Although engineered articular cartilage tissue has recently been created with biochemical and biomechanical properties in the range of native tissue values,  there are currently two significant limitations to cartilage tissue engineering. First, human cells are scarce in number and difficult to procure, and passage of these cells leads to dedifferentiation.  These issues make the use of autologous cells for cartilage repair difficult. Additionally, the majority of cartilage tissue engineering approaches have employed bovine or other animal cells, and tissues grown from these cells are xenogenic. Thus, their use may result in a severe immune response following implantation, though this has not been fully elucidated.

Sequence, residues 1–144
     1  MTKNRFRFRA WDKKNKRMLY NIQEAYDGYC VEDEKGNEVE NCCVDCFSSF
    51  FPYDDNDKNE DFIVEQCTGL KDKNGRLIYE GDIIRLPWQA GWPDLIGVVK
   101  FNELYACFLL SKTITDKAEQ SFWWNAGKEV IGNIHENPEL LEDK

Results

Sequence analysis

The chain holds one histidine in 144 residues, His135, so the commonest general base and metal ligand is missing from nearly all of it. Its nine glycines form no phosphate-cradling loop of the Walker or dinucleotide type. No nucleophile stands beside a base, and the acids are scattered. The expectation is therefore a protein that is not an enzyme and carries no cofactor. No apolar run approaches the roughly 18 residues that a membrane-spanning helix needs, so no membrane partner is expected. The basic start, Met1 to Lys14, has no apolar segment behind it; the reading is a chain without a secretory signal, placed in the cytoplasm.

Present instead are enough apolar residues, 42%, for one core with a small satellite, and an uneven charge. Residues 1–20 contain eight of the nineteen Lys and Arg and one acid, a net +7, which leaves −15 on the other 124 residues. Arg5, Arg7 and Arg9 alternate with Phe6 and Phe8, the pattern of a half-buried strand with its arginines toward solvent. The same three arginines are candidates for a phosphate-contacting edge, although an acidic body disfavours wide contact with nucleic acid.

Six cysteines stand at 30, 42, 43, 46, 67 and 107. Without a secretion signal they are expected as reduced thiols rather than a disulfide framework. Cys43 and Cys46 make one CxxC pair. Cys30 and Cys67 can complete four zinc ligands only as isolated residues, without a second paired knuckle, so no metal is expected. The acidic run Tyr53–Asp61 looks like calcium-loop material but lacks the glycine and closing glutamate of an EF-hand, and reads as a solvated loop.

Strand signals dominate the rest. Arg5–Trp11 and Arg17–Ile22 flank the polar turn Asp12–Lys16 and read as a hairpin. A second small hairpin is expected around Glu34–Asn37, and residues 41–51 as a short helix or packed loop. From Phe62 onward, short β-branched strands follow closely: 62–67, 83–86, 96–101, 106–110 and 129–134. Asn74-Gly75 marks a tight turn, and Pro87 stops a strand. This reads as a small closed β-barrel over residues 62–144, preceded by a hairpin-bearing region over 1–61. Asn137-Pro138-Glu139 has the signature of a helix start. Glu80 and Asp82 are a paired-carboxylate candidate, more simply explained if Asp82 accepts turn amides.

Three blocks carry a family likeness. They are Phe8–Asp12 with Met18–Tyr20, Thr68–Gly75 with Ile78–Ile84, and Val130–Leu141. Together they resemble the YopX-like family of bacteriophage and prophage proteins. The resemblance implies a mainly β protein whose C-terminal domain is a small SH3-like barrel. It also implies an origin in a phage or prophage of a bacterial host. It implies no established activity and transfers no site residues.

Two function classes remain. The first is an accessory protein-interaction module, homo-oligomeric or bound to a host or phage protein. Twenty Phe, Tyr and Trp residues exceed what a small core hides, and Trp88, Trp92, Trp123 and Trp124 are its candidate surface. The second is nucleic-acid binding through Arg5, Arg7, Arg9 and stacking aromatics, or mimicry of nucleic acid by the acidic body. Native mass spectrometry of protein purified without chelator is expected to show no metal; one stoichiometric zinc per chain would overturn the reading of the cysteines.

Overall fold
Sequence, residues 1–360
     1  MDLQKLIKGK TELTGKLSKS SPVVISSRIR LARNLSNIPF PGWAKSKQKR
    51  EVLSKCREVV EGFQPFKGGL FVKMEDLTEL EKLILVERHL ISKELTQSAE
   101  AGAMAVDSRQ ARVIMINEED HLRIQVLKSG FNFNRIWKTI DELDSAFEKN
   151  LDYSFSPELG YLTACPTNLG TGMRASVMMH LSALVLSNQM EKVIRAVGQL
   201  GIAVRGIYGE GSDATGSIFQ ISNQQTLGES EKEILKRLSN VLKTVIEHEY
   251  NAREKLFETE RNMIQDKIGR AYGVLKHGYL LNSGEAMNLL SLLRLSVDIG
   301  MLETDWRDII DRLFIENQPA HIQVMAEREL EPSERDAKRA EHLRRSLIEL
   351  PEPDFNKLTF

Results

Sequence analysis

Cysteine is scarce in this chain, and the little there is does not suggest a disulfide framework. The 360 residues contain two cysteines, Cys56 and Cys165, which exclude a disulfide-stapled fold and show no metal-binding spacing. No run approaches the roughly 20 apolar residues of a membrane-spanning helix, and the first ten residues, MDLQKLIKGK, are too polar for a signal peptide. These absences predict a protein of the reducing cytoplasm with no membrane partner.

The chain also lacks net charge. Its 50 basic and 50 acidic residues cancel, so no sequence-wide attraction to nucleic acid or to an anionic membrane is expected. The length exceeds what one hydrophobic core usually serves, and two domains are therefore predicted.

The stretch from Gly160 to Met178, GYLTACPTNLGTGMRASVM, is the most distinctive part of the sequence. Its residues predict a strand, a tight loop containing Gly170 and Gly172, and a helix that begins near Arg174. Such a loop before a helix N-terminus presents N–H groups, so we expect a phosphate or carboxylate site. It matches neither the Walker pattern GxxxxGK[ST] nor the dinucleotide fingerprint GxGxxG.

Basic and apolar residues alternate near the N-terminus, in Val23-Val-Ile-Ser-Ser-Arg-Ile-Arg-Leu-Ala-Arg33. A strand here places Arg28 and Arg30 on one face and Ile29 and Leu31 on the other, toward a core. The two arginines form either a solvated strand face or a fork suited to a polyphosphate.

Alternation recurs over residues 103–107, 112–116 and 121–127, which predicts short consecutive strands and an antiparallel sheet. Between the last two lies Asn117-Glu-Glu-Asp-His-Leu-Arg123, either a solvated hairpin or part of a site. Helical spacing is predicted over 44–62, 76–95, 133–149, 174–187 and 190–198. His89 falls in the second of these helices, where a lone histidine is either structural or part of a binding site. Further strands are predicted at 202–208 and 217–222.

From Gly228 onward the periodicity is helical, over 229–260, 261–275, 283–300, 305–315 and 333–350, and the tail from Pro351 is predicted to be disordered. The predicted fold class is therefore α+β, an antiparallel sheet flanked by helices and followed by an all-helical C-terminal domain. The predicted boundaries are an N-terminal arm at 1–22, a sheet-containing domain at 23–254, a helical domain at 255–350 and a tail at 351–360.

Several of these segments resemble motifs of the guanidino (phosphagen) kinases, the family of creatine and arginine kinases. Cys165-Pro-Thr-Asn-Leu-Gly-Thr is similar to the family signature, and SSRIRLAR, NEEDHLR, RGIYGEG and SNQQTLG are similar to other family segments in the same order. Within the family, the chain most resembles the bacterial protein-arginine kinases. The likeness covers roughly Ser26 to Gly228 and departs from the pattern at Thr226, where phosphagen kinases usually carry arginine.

It is believed that a decellularized xenogenic tissue may be a viable option as a replacement tissue, as the antigenic cellular material will be removed while preserving the relatively non-immunogenic extracellular matrix (ECM), as described in an earlier review.  Ideally, this will also preserve the biomechanical properties of the tissue. For instance, an acellular dermal matrix has seen successful use clinically as the FDA approved Alloderm product. Additionally, acellular xenogenic tissues have been created for many musculoskeletal applications, including replacements for the knee meniscus,  temporomandibular joint disc,  tendon,  and ACL,  as well as in other tissues including heart valves, [11–17] bladder,  artery,  and small intestinal submucosa.[20, 21]